Art. I, New Chapter 35. While the declarations of purpose may list recognized government interests for regulation, the regulations themselves are explicit content-based exceptions to a general prohibition of signs. Unlike the regulation in Ward that sought only to regulate the volume of the protected speech, not the content or even the specific technical mix of the music,[5] New Chapter 35 specifically looks to the content to identify exceptions to a general prohibition of all signs. New Chapter 35 suffers the same infirmities as Old Chapter 35 in that it prefers some protected speech to other speech based on content. The City thus retains in New Chapter 35 the same basic regulatory scheme as contained in the now-repealed Old Chapter 35.

The general principles of law stated in the order of this Court granting Plaintiff's request for preliminary injunction with respect to Old Chapter 35 apply as well to New Chapter 35. Pages 4-11 of the order of this Court filed January 7, 1991, as they relate to legal analysis and not to specific references to Old Chapter 35, are incorporated herein. For the reasons stated in *1568 this Order and in the Order of this Court filed January 7, 1991, New Chapter 35, Article II, Section 35-2; Section 35-4; Section 35-5 the first sentence only as it specifies identification signs; Section 35-5 the second sentence beginning with "shall be limited ..." and ending with "other functions"; Section 35-5 the third sentence as it relates to limitations on announcements; Section 35-8(b) the first sentence beginning with "giving only the name ..." and ending at the end of the first sentence; Section 35-8(b) the words "and content" in the second sentence; and Section 35-10 are unconstitutional on their face. Having found the Plaintiff prevails on the merits and that Plaintiff will suffer irreparable harm absent the injunction and that the injunction is in the best interests of the public, this Court shall issue a permanent injunction.

Accordingly,

IT IS HEREBY ORDERED that Defendants' motion for summary judgment seeking a declaration that New Chapter 35 is constitutional is DENIED.

IT IS FURTHER ORDERED that Plaintiff's motion for summary judgment is GRANTED.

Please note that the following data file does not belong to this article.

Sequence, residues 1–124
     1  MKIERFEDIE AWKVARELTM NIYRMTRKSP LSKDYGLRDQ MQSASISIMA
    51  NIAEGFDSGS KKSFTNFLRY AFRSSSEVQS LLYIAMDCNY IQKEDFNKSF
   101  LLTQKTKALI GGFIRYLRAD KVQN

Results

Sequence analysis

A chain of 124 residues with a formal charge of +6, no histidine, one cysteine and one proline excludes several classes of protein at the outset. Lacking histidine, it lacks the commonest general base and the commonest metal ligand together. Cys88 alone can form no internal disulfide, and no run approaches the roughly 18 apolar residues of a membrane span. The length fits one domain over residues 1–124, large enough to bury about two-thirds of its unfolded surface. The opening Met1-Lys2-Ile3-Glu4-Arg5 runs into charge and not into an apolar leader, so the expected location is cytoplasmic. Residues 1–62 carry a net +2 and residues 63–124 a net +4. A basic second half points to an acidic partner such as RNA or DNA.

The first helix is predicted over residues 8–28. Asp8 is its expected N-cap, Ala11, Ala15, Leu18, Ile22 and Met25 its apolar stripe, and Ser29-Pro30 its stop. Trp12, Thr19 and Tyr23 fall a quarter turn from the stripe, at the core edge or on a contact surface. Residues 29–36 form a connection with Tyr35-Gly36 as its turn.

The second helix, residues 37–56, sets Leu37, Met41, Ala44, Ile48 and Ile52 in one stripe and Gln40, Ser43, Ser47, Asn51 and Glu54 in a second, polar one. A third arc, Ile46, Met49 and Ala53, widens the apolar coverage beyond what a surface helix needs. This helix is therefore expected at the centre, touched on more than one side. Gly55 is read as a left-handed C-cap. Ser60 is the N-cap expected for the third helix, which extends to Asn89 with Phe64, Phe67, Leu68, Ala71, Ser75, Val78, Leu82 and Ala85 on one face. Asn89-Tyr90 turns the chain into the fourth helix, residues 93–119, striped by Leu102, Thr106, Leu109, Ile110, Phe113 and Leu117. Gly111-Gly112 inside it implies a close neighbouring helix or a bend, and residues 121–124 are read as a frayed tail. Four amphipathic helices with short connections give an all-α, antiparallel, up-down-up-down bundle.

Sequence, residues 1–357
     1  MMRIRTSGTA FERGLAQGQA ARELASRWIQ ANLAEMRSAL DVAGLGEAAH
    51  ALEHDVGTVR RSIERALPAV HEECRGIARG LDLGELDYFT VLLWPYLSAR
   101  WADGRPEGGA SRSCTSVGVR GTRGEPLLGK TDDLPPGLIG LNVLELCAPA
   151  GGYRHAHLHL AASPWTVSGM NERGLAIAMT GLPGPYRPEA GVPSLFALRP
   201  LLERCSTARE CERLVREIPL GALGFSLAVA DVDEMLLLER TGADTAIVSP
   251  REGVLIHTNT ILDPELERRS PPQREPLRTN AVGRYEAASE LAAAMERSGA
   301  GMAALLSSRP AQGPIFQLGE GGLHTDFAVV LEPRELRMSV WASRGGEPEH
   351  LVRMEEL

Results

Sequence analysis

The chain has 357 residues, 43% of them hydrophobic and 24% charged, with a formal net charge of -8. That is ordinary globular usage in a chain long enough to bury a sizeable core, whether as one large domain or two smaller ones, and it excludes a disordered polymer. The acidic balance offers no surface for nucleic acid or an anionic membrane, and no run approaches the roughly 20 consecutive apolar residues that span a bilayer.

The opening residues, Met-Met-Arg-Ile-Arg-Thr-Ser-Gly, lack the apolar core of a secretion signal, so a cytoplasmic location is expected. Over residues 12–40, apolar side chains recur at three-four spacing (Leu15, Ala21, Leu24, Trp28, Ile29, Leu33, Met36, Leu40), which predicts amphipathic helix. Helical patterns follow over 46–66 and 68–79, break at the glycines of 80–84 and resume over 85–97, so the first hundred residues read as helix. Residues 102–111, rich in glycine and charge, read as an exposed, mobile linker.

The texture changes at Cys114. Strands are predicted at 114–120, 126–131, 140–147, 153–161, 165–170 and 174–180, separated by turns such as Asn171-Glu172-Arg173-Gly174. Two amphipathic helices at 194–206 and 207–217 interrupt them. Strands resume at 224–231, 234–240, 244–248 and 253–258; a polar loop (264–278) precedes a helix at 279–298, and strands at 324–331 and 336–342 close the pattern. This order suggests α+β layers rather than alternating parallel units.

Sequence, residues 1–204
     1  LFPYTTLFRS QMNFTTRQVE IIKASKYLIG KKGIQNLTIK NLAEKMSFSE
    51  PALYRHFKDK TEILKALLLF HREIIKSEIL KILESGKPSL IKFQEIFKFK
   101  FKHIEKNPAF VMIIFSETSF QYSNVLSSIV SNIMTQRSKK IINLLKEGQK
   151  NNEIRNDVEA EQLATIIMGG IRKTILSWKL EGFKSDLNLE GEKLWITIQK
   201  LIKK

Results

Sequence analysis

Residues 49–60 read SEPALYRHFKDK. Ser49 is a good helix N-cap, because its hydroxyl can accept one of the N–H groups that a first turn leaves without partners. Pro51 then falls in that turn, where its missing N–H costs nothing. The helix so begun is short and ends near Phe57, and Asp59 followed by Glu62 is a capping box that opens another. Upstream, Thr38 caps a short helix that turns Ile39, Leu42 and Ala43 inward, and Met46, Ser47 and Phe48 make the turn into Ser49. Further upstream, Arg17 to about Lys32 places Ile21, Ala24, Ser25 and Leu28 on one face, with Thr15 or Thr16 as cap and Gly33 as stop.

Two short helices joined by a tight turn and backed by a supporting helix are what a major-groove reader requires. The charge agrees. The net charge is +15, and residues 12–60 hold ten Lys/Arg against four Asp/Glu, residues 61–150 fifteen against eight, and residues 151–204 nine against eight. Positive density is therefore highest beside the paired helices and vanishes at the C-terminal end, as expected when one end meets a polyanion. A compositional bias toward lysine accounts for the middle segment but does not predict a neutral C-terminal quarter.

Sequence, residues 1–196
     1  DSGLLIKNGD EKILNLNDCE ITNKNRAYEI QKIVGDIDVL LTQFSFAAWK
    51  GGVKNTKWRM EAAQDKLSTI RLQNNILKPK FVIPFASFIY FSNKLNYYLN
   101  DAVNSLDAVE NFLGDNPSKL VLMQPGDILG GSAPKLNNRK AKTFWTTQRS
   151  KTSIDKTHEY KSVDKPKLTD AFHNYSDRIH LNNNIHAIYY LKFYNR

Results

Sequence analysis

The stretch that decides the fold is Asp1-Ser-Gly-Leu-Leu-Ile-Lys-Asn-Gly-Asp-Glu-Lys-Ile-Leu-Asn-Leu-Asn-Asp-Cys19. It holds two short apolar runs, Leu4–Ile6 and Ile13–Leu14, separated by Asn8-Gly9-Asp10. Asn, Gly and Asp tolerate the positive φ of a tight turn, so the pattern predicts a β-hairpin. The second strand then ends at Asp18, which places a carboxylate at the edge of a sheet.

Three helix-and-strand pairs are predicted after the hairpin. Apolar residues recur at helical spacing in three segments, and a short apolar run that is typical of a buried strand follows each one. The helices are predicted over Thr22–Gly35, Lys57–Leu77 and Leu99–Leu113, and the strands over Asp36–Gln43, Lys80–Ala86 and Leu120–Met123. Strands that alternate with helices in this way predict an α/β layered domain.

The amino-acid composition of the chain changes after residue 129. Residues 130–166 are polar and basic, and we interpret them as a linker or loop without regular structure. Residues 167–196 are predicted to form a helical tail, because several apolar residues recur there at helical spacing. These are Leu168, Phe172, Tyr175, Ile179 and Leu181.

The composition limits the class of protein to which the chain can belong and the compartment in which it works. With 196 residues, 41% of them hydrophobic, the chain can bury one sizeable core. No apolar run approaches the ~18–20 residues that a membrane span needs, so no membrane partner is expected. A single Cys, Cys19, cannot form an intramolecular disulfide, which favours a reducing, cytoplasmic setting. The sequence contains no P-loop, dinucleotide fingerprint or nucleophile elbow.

IT IS FURTHER ORDERED that an injunction issue restraining Defendants from enforcing New Chapter 35, Article II, Section 35-2; Section 35-4; Section 35-5 the first sentence only as it specifies identification signs; Section 35-5 the second sentence beginning with "shall be limited ..." and ending with "other functions"; Section 35-5 the third sentence as it relates to limitations on announcements; Section 35-8(b) the first sentence beginning with "giving only the name ..." and ending at the end of the first sentence; Section 35-8(b) the words "and content" in the second sentence; and Section 35-10.

NOTES

[1] New Chapter 35 was amended on February 25, 1991.

[2] Section 35-2 states:

No sign shall be erected, constructed, painted, placed, enlarged, maintained, changed or relocated except in conformity with the provisions of this chapter.

[3] Section 35-4 provides:

Subject to the applicable regulations hereinafter described, the following types of signs are permitted in the City of Ladue:

a) Municipal signs but said signs shall not be greater than nine (9) square feet.

b) Subdivision and residence identification signs of a permanent character but said signs shall not be greater than six (6) square feet and said residence identification signs shall not be greater than one (1) square foot.

c) Road signs and driveway signs for danger, direction, or identification but said signs shall not be greater than twelve (12) square feet.

d) Health inspection signs but said signs shall not be greater than two (2) square feet.

e) Signs for churches, religious institutions, and schools subject to the restrictions described in Sec. 35-5.

f) Identification signs for not-for-profit organizations not otherwise described herein but said signs shall not be greater than sixteen (16) square feet.

g) Signs identifying the location of public transportation stops but said signs shall not be greater than three (3) square feet.

h) Ground signs advertising the sale or rental of real property subject to the restrictions described in Sec. 35-10.

i) Commercial signs in commercially zoned or industrial zoned districts subject to the restrictions as to size, location, and time of placement hereinafter described.

j) Signs identifying safety hazards but said sign shall not be greater than twelve (12) square feet.

[4] Ward elaborates on the other two prongs of the test, but it is not necessary to reach those prongs in this decision.

[5] The majority in Ward noted

Any governmental attempt to serve purely aesthetic goals by imposing subjective standards of acceptable sound mix on performers would raise serious First Amendment concerns, but this case provides us with no opportunity to address those questions.

Ward, 109 S. Ct. at 2754-55.